The Lumineers Bring Folk to Terminal 5

The Lumineers play a folk filled set during their first of two sold out shows at Terminal 5

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Michel Dussack
The Lumineers play a folk filled set during their first of two sold out shows at Terminal 5. Photos by Michel Dussack
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Michel Dussack
First on the bill was folk band Y La Bamba. Singer and guitarist Luz Elena Mendoza. Photos by Michel Dussack
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Michel Dussack
The band performed for around 45 minutes with songs in both English and Spanish. Photos by Michel Dussack
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Michel Dussack
Y La Bamba's guitarist Paul Cameron. Photos by Michel Dussack
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Michel Dussack
Eric Schrepel played accordion as well as several other instruments throughout the band's set. Photos by Michel Dussack
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Michel Dussack
Drummer Michael Kitson also provided some vocals for the band. Photos by Michel Dussack
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Michel Dussack
The band played with a wide variety of instruments throughout their set. Photos by Michel Dussack
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Michel Dussack
The Lumineers hit the stage at 9:30 p.m. and played a 90 minute set that included their entire debut album and covers. Photos by Michel Dussack
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Michel Dussack
Cellist Neyla Pekarek, one of three original members of the band. Photos by Michel Dussack
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Singer and guitarist Wesley Keith Schultz dances while playing guitar. Photos by Michel Dussack
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Michel Dussack
Jeremiah Caleb Fraites serves as the main percussionist for the band, and also rounds out the trio of original members. Photos by Michel Dussack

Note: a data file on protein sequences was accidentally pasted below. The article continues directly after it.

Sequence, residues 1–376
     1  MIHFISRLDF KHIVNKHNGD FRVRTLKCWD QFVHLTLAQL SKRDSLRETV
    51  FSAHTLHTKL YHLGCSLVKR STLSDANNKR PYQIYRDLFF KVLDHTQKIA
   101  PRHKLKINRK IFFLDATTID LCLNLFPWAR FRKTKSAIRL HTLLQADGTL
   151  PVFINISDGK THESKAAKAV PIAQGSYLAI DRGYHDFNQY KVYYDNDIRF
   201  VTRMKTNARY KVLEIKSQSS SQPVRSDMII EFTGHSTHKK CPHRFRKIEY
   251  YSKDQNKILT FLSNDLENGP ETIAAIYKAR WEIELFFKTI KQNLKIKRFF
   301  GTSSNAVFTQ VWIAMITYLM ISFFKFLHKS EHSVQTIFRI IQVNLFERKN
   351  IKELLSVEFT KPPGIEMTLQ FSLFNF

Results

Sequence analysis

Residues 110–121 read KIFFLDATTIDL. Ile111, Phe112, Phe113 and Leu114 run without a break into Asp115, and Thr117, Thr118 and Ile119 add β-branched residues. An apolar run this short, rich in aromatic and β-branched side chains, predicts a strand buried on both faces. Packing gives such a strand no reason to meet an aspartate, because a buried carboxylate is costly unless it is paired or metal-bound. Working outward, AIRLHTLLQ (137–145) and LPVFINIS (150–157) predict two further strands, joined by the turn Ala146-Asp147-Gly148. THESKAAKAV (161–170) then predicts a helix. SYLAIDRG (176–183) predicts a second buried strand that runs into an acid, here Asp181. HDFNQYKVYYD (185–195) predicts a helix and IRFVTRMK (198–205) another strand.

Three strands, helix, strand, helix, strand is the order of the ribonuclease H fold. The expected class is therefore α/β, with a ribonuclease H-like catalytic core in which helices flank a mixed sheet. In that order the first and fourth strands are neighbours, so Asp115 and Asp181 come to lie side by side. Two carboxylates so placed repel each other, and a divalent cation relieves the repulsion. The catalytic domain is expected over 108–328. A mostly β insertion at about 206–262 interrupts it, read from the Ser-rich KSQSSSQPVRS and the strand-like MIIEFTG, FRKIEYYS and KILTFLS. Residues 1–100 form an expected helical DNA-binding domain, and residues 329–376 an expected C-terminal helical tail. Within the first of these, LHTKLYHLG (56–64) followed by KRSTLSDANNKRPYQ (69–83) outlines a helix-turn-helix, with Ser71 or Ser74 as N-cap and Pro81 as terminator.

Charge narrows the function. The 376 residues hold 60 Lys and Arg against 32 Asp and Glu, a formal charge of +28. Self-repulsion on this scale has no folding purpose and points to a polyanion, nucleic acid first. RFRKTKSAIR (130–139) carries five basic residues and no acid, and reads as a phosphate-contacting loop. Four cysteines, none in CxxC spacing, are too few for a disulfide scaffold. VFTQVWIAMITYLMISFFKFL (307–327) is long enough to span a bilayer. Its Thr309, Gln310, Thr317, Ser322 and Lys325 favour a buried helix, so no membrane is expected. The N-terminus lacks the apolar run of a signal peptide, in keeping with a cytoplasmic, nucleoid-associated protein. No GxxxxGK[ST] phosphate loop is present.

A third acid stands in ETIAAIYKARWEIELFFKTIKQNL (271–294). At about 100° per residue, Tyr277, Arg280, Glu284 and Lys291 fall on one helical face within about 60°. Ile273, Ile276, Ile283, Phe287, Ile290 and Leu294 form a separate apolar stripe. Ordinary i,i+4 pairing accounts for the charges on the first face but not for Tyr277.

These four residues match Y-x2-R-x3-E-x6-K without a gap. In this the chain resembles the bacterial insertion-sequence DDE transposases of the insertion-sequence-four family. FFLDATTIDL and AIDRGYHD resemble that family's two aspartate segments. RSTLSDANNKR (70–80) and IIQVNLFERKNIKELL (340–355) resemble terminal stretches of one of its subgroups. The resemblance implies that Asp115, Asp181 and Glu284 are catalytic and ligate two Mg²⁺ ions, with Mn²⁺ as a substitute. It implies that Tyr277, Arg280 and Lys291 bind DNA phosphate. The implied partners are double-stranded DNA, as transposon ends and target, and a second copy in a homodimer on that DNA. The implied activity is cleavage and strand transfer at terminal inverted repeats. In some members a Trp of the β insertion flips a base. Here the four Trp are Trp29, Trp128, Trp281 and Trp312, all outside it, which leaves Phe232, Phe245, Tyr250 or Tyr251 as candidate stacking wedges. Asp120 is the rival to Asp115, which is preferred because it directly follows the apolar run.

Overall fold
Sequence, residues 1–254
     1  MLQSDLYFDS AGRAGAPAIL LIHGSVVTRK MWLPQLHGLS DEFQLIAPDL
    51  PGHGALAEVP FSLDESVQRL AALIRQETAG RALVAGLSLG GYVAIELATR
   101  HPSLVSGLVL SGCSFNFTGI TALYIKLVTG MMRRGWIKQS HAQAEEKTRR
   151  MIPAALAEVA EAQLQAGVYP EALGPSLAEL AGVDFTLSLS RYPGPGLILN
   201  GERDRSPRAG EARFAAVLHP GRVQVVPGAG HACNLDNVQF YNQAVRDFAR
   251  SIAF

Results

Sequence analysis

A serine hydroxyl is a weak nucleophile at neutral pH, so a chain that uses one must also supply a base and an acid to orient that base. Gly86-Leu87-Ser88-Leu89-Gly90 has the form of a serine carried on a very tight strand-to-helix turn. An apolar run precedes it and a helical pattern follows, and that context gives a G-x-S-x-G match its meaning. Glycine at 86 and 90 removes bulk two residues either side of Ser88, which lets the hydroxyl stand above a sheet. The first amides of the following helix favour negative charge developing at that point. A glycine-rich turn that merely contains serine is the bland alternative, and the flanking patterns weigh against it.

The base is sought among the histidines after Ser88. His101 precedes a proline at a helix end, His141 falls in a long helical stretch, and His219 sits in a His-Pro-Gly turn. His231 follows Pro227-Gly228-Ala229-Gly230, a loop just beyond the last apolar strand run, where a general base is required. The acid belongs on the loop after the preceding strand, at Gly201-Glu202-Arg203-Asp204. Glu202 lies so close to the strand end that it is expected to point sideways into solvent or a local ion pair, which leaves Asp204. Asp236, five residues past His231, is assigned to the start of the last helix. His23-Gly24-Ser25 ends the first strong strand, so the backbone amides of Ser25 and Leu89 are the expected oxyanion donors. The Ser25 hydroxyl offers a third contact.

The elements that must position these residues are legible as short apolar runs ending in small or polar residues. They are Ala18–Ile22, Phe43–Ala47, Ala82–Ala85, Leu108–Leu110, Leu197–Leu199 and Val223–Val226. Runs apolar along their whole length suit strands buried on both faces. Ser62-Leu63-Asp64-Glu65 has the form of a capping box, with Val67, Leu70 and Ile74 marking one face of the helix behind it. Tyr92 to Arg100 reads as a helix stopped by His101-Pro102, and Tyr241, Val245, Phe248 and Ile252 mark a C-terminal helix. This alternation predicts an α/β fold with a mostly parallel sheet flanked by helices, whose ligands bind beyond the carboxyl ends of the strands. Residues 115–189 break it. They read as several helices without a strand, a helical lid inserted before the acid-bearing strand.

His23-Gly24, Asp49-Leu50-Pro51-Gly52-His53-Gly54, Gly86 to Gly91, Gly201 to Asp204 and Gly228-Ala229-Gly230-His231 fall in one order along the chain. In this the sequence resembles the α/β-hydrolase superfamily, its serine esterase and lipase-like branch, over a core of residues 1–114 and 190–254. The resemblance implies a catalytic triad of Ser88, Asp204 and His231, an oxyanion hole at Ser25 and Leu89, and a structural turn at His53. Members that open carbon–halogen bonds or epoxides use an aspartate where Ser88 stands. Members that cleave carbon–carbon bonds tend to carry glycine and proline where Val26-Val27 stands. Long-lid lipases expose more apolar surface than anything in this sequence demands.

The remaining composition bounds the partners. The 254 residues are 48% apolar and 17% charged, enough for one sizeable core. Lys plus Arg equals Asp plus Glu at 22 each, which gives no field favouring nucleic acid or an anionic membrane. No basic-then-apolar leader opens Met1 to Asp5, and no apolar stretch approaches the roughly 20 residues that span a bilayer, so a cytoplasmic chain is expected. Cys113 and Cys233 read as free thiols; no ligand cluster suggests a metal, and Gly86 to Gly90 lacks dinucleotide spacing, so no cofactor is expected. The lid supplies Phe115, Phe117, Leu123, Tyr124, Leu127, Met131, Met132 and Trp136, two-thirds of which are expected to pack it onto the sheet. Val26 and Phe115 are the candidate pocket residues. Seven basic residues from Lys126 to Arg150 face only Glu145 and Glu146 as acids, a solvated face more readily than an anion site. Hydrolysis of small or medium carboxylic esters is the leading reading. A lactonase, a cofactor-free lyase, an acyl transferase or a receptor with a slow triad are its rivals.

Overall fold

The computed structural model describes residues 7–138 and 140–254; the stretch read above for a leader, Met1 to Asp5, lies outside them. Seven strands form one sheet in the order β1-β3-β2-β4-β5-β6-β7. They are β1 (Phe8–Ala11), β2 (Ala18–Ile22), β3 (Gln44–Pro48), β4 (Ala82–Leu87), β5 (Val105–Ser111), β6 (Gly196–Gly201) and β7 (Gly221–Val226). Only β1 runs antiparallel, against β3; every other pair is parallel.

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Michel Dussack
Ben Wahamaki plays bass, percussion and provides backing vocals for the band during live performances. Photos by Michel Dussack
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Michel Dussack
Stelth Ulvang plays piano and harmonica at the same time. He also played mandolin and guitar during the band's set. Photos by Michel Dussack
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Michel Dussack
The band's sixteen song set included two covers - "Subterranean Homesick Blues" by Bob Dyland and "This Must Be The Place (Naive Melody)" by The Talking Heads. Photos by Michel Dussack
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Michel Dussack
The band also did something rather unique during their rendition of their hit single "Ho Hey". Photos by Michel Dussack
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Michel Dussack
For "Ho Hey", the group performed off microphones at the edge of the stage while conducting the crowd to sing the booming chorus. Photos by Michel Dussack
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Michel Dussack
During "Slow It Down", Wesley performed by himself on stage, quieting the normally talkative New York crowd. Photos by Michel Dussack
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Michel Dussack
During some songs, Jeremiah came to the front of the stage to play a kickdrum while singing backup vocals. Photos by Michel Dussack
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Wesley and Stelth perform close together during a song. Photos by Michel Dussack
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The show was a great reminder that you don't have to be a loud rock band to sell out giant venues in New York. In fact, folk music might be more popular than ever right now. Photos by Michel Dussack
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